If thats the case why Retail investors are pulling money from MF from very long time. Is it purely because of SEBI banning entry and exit loads on MF products and distributors not selling them. I strongly believe that retail investors are bit intelligent and they know the mistakes they have done in past and looks like there are redeeming there units from MF as market looks a bit stretched .I don't have Data to support this. But my friend with whom i had a heated arugment will provide data for me:).
Will post on this more some time later 

Monday, October 11, 2010

Emerging Market Economies Leading Global Growth...But for how long?

Over the weekend lot of discussion happened at IMF,Washington DC and below RBI governor's comments on Role of Emerging Economies Going Forward and Key Policy Challenges

Here he talks about the Role of Emerging markets played in pulling the global markets from near depression and how its going to make impact to the rest of world going forward.

I guess when the EM was at peak in 2007  and rest of developed countries at the start of downward direction i  remember few saying that EME are decoupling from the rest of developed economies and EM will go up..but what happened  after that...every one knows....and same set of people after the crash in 2008 said that EM are  recouping with the rest of the world....Now fast forward from there to 2010 the same set of people :) are again started to say that we are decoupling again from the rest of the rest of world is still struggling from the wounds it got from the crash and are growing near 2 % to 3% when EME are going at near 8% to 9% .

So how is this happening ? Basically there is plenty of Liquidity across the developed nations which is sitting idle as there are very less opportunities in there regions for growth so a whole lot of money is being pumped to EME. Now Question is how much more can they pump into these economies? It depends if US going for another round of QE2 (probability of happening this is there wounds are not healed enough...same with the case of EU....) then i strongly believe that EME are going to see huge inflows which are never seen or heard. At least in India FII inflow is going to touch 1 trillion for the first time..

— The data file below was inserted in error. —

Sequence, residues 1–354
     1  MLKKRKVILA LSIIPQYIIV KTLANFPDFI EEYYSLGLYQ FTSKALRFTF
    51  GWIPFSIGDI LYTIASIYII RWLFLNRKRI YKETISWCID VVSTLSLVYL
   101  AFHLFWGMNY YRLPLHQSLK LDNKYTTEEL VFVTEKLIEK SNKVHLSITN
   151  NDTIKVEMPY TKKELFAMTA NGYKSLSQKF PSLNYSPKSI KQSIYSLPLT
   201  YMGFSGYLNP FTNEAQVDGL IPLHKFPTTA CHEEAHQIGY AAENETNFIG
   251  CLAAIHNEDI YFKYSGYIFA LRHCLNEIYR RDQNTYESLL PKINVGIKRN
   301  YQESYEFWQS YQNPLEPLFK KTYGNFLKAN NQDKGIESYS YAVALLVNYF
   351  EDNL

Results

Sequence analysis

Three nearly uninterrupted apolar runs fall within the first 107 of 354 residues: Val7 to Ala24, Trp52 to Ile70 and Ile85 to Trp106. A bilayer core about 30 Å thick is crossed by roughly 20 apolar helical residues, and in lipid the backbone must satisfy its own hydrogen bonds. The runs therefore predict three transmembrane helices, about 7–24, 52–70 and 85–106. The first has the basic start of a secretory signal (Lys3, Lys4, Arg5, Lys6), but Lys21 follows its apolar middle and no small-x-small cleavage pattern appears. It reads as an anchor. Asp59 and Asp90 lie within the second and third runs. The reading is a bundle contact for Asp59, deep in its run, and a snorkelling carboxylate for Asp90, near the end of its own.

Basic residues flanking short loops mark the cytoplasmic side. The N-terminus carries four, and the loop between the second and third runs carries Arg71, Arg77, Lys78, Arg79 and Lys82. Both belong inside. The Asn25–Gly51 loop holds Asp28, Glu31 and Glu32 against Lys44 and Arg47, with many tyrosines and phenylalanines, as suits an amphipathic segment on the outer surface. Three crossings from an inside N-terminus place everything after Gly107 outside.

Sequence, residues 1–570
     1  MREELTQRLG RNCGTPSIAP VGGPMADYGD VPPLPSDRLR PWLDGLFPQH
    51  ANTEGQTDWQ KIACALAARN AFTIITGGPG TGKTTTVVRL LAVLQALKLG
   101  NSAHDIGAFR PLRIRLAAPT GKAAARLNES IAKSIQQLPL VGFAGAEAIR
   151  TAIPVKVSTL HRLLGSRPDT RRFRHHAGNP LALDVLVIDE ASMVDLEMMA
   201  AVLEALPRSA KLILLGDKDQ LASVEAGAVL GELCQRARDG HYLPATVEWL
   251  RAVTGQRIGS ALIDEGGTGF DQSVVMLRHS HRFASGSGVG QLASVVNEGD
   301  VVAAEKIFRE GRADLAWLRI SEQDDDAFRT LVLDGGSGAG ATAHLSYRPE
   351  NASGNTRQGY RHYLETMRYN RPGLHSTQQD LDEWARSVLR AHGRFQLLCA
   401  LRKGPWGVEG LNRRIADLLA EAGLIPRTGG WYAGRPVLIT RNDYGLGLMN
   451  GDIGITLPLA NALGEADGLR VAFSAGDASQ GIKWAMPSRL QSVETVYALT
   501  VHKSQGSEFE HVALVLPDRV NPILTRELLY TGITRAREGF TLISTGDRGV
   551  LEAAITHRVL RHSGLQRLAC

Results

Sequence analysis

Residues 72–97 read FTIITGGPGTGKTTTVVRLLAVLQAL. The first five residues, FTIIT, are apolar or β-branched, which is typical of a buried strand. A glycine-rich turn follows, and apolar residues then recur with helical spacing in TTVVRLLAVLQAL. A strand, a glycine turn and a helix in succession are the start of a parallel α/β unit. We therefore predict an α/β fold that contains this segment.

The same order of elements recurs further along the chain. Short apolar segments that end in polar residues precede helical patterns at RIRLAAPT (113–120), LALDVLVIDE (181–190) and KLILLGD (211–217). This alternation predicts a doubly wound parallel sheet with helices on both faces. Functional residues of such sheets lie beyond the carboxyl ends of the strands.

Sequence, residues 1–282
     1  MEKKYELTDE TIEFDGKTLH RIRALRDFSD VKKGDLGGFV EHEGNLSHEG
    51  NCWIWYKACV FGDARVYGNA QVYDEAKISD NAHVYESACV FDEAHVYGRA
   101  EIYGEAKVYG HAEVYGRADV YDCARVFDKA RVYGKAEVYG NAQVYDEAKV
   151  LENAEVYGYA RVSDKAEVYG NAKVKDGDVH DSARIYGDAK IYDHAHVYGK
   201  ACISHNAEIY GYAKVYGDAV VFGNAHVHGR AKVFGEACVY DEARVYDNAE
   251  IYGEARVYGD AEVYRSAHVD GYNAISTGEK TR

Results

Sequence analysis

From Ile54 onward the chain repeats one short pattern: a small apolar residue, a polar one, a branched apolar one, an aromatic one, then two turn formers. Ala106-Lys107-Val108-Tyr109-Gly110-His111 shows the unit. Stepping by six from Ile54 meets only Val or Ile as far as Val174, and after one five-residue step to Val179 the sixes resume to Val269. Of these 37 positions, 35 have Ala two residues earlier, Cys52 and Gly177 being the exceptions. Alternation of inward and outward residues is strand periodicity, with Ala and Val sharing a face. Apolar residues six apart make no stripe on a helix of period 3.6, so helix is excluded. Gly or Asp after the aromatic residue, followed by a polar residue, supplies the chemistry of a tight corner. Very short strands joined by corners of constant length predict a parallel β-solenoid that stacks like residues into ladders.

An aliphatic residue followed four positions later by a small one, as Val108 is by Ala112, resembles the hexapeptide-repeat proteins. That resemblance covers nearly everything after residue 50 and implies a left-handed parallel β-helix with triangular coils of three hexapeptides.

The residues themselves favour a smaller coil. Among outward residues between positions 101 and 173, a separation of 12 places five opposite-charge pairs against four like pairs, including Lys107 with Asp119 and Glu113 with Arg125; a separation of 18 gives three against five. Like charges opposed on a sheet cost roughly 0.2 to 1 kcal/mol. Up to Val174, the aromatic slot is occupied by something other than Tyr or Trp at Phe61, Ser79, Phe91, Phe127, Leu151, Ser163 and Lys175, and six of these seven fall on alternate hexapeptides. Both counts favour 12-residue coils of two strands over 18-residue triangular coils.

Another question coming to my mind..What if due to a policy decision are another unknown reason if money starts flowing out of EME..what is going to happen? and economy as such will go in South direction.

But before that happening can our regulators or persons with power can make some decisions to arrest the flow if such kind of event happening in near future and RBI governor said this at IMF over weekend
Furthermore, in evaluating the level of reserves and the quantum of self insurance of a country, it is important to distinguish between countries whose reserves are a consequence of current account surpluses and countries with current account deficits whose reserves are a result of capital inflows in excess of their economy’s absorptive capacity.
India falls in the latter category. Our reserves comprise essentially borrowed resources, and we are therefore more vulnerable to sudden stops and reversals as compared with countries with current account surpluses
I doubt it...cause one reason might be RBI going soft under the pressure from Ruling parties and key allies  are going for elections in some states...

It would be interesting to watch the policy makers game on tacking inflation,BOP and Exchange rate  in coming days ...

Thursday, October 7, 2010

Competitive Non Appreciation?

It has been two months since i last posted something on exchange rate stuff...but off late things are heating up across the Central Banks about related to currency.Almost all the developed economies are struggling to reduce the unemployment rate and trying hard to increase there GDP rate.